A few days later Gary comes up to me and tells me he has something in his trunk for me. Kinda odd, but I’m a curious sort. But when he opened it up there were about 10 2-liter bottles of Live Wire waiting for me. For the next few months, he became my source, carrying the precious stuff across state lines.

It was kind of a Smokey and the Bandit situation. “They’re thirsty in Atlanta, and there is Live Wire in Tennessee.” OK, maybe it doesn’t match up exactly.

Every Damn Day

I’ve always struggled with my weight (like so many people). I’m waiting for that Easy button to come along and solve all my problems. But years ago, I decided to give this diet thing a go in the form of Atkins. For those not aware of this diet, it basically is a low carb, high fat style of diet. Now, I don’t claim much in the way of my Irish heritage (I don’t drink), but I do love potatoes in pretty much any form, so this style of eating was going to be a huge adjustment. Bread, beans, and all the good stuff I liked were a no-go.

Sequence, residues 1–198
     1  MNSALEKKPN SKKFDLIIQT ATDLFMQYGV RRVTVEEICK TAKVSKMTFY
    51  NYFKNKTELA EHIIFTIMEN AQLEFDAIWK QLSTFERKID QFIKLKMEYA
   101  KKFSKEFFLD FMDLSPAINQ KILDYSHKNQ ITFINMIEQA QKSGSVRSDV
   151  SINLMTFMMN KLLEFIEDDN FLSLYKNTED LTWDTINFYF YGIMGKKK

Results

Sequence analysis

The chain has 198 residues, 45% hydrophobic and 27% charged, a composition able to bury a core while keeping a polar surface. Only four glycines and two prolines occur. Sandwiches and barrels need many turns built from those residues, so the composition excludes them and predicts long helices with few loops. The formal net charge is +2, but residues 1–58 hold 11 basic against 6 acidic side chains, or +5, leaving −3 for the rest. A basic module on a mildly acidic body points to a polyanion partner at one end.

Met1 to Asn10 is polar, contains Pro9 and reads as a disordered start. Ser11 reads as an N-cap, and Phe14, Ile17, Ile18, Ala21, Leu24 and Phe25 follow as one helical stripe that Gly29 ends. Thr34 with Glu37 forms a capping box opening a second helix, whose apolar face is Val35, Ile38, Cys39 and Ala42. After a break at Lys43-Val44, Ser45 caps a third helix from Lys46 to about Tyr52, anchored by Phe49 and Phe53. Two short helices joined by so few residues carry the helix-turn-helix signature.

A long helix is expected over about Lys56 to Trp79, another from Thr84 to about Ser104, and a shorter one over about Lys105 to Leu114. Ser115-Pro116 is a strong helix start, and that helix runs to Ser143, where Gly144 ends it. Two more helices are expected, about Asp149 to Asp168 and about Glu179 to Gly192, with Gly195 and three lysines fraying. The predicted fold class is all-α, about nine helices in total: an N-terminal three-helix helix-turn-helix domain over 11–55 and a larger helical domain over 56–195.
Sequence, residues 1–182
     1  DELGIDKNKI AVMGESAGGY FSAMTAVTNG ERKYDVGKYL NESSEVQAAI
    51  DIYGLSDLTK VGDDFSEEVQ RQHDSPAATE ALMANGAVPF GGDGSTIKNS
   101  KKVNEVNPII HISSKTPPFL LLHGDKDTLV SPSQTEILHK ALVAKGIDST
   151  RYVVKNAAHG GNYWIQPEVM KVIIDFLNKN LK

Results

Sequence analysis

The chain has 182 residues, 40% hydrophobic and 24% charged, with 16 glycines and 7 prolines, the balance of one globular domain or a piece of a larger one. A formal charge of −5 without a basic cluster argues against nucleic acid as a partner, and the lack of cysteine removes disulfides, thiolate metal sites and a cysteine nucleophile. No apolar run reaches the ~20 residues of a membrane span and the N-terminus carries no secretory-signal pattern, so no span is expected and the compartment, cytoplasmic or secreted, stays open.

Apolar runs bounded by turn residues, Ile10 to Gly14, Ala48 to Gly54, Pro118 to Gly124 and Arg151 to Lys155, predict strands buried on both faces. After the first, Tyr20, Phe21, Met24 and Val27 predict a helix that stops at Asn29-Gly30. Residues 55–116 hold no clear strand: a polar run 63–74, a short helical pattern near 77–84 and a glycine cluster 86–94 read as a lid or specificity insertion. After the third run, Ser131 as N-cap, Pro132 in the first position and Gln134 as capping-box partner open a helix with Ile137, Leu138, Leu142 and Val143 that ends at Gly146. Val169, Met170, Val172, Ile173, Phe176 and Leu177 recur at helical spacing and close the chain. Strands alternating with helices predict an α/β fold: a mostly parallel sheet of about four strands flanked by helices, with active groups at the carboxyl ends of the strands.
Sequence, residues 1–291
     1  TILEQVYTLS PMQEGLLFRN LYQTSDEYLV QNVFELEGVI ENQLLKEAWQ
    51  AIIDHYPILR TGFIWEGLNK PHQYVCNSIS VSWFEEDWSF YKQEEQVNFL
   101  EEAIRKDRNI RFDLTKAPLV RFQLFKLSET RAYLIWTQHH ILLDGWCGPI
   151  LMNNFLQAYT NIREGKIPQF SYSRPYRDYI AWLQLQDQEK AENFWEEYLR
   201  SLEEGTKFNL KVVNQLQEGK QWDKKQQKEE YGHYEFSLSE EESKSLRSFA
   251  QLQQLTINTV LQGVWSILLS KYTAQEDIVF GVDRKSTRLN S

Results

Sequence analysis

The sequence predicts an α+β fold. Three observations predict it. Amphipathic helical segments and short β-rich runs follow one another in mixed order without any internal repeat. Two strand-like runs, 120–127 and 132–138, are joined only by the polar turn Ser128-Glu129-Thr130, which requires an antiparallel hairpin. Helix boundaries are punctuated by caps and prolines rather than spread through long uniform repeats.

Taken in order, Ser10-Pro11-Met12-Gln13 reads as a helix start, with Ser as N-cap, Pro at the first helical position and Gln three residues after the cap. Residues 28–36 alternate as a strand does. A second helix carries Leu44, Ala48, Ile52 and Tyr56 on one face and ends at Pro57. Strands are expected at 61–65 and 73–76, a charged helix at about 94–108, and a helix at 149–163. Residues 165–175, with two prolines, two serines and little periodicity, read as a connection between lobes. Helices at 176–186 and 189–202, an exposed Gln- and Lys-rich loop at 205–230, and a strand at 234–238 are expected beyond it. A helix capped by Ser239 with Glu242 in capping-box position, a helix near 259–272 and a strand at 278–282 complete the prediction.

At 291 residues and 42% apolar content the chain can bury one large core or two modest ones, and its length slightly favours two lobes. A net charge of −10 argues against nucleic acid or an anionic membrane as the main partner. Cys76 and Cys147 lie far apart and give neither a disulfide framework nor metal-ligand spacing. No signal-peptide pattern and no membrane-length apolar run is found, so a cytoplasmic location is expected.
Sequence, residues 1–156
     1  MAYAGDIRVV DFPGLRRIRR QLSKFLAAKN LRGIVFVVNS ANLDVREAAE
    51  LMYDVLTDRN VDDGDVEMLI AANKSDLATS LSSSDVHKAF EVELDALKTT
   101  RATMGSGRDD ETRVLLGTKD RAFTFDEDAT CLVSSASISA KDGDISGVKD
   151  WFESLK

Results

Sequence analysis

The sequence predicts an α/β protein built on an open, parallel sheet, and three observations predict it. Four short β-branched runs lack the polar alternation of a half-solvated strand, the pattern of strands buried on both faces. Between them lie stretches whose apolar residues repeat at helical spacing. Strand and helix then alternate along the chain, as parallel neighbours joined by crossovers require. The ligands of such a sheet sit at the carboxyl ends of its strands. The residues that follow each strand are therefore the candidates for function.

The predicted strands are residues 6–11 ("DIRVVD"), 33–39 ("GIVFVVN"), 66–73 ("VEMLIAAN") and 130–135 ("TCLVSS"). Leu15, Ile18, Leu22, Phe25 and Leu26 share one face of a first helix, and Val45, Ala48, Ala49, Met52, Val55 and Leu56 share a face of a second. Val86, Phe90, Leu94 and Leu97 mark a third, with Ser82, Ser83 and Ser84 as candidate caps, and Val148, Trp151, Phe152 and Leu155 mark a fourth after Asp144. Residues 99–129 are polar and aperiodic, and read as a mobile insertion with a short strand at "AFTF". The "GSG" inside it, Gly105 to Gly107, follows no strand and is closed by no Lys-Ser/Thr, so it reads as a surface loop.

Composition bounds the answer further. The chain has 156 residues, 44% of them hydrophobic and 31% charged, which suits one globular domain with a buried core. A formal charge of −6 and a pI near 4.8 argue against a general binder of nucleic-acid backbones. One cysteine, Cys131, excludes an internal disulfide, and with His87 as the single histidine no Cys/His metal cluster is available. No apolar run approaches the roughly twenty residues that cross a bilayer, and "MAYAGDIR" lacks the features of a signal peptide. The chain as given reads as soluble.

However, I found out that one of the foods which were on the list was pork rinds. This was great because I loved pork rinds. They would be my replacement for chips. It was perfect.

On that first day, my buddy James saw me eating chicken salad with pork rinds (acting as crackers). I smiled and said, “I get to eat pork rinds every day!”

Flash forward about six weeks later. I’ve lost some weight but eating the same things every day was beginning to wear on me. I started not looking forward to my lunches as much. And James stopped by, “So, how’re are the pork rinds going?”